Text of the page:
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Youth for Human Rights Art Contest: This year’s theme is “War or Peace?” Submissions accepted until August 15th

Call for entries for Youth for Human Rights art contest

Winners of the art contest, based on the UN Universal Declaration of Human Rights, will be announced in September and featured in an on-line gallery.

The visual arts can bring a message of peace and human rights to life in any community.”
— Azhar Haq, President of Youth for Human Rights, DC

WASHINGTON, DC, USA, July 25, 2022 / -- With war and danger being featured in the news and in our environment, Youth for Human Rights, Washington, DC, chapter is launching its National Human Rights Contest to inspire artists to harness the power of art to show the importance of human rights. Based on the United Nations Universal Declaration of Human Rights as a tool to bring sanity, respect for human life and calm to an area, the contest will culminate in a virtual pop-up exhibit beginning on September 21, 2022. The top artwork will be featured in a virtual exhibit online until the end of the year. Submissions are due by August 15, 2022. The submissions will be judged by a panel of artists and human rights activists.

“With war and peace being on the top of many people’s minds, we wanted to have a creative outlet to address these issues. The contest is open to artists of any age and any medium. Through art, minds can change. We can promote peace through the arts,” Azhar Haq, President of Youth for Human Rights, DC, explained.

“Artists are indeed the creators of the future using various media,” Mr. Haq continued. “The visual arts can bring a message of peace and human rights to life in any community. Now, more than ever, communities need help to instill the values that human rights education offers, so they understand what their rights are and how vital they are in creating a safer and saner world.”

In 2018, Youth for Human Rights DC (YHRDC) first held a Human Rights Pop-Up Art Exhibit in honor of International Day of Peace on September 21st. Artwork from both youth and adults showcasing the message of human rights is displayed, along with a video display on each of the 30 articles of the United Nations Universal Declaration of Human Rights. This year there will be a pop-up art exhibit and the art will be featured in a virtual art gallery displaying the entries. There will be a catalog of the art which will give information about the artists. A portion of the sale of the artwork will help benefit Youth for Human Rights DC.

The art exhibit helps artists express their views about rights and highlights how communities use knowledge of the 30 human rights to promote unity and respect for all of humanity. This year’s contest is co-sponsored by Artists for a Better World and Art Impact International.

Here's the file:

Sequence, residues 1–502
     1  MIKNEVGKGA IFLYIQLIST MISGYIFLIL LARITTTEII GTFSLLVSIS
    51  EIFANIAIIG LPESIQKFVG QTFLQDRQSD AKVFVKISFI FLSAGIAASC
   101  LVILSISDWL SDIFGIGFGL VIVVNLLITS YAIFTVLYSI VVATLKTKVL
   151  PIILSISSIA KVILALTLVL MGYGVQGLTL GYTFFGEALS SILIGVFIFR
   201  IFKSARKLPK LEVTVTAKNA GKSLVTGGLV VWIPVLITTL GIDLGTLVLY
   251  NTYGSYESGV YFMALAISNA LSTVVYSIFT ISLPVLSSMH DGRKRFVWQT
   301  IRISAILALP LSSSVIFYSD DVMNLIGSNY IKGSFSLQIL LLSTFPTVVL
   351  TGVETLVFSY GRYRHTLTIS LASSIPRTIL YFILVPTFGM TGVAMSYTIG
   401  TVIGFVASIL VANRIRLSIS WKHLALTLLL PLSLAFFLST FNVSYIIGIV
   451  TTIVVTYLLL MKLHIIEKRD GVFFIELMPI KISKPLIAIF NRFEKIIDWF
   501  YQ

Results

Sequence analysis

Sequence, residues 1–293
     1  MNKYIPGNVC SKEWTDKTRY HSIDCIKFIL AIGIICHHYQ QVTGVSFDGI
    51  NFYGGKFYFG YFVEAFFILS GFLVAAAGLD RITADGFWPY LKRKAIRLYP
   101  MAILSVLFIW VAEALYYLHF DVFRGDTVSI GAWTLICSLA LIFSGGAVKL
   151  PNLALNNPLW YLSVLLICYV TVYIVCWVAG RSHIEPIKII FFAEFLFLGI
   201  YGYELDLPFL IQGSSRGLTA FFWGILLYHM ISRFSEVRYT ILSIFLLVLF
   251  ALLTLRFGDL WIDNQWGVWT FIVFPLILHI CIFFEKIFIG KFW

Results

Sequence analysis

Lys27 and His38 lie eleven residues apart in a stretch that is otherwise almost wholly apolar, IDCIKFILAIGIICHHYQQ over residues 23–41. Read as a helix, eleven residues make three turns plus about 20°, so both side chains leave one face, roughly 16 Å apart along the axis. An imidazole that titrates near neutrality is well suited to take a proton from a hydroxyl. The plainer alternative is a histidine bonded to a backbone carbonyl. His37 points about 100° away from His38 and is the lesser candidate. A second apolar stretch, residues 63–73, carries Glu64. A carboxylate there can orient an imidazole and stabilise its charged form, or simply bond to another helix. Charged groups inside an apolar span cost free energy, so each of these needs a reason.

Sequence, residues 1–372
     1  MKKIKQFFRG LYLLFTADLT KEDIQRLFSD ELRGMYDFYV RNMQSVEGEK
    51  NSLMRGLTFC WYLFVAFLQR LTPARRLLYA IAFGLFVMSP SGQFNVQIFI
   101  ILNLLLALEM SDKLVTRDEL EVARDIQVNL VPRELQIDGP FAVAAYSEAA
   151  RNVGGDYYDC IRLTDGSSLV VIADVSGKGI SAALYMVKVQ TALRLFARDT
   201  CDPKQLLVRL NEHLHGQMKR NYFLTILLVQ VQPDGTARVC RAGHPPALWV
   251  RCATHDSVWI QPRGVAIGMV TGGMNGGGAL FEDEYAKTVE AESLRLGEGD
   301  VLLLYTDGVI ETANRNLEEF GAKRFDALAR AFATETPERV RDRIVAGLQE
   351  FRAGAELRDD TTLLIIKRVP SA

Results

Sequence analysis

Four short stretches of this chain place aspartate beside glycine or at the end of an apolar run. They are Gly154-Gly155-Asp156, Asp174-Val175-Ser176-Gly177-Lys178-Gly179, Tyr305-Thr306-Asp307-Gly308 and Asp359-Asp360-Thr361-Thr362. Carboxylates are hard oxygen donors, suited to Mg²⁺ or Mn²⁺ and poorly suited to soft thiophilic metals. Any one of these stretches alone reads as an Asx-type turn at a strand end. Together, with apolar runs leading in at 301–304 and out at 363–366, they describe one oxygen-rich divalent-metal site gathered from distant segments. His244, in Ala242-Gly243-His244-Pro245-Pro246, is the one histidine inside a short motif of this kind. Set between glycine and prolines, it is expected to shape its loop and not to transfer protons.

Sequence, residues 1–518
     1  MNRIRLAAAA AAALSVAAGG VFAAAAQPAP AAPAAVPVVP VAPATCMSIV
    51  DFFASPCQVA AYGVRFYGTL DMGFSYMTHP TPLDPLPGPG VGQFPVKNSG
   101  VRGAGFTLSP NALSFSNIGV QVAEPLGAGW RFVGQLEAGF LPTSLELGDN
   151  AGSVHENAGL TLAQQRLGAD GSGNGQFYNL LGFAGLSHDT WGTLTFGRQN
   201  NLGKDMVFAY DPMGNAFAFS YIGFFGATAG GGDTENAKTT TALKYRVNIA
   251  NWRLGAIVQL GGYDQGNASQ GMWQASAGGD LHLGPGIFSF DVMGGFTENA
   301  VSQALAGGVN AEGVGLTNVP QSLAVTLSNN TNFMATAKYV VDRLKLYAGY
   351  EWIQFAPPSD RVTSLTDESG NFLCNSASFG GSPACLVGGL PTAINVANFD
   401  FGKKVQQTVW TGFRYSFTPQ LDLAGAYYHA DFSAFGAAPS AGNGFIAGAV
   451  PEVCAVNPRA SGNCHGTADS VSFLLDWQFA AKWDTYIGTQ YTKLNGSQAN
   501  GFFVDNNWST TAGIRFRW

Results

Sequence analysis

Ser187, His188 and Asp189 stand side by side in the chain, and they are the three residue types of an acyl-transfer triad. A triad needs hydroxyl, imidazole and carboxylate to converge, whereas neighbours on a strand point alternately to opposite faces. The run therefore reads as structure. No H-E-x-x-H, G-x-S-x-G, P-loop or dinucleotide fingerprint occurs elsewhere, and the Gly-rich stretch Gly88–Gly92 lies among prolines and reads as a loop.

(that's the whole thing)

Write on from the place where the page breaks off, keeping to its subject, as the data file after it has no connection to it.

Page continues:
To expand the audience for the artwork, YHRDC is hosting the art contest online. They are promoting to talented artists across the nation whose art showcases the message of “War or Peace?” and will accept interviews internationally as well.

The Universal Declaration of Human rights (UDHR) was written in 1948 and developed right after World War 2 with the purpose to protect life and avoid war in the future.

“The instructions are simple,” shared Mr. Haq, “Art is an expression and we look forward to receiving submissions from all who wish to share their creations with us.”

Rules and Instructions are simple, focusing on the artwork relative to the theme of “War or Peace?” There is no fee for making a submission. First and second place winners will be selected in both the youth (under 18) and adult (over 18) categories with acknowledgement in the online gallery and a modest cash prize.

About Youth for Human Rights:

Youth for Human Rights International (YHRI) is a nonprofit organization whose mission is to teach youth about human rights, specifically the United Nations Universal Declaration of Human Rights, and to inspire them to become valuable advocates for tolerance and peace. YHRI advocates for human rights both in the classroom and in nontraditional educational settings such as through art series, concerts and other interactive community events, including regional and international human rights summits which bring youth together from across whole sectors of the world. Their most recent campaign has included #KnowYour30 with the deliberate purpose of increasing awareness of the 30 human rights every person has - and how they are a part of everyday life. To learn more about human rights go to

For a documentary on Youth for Human Rights and its founder, go to

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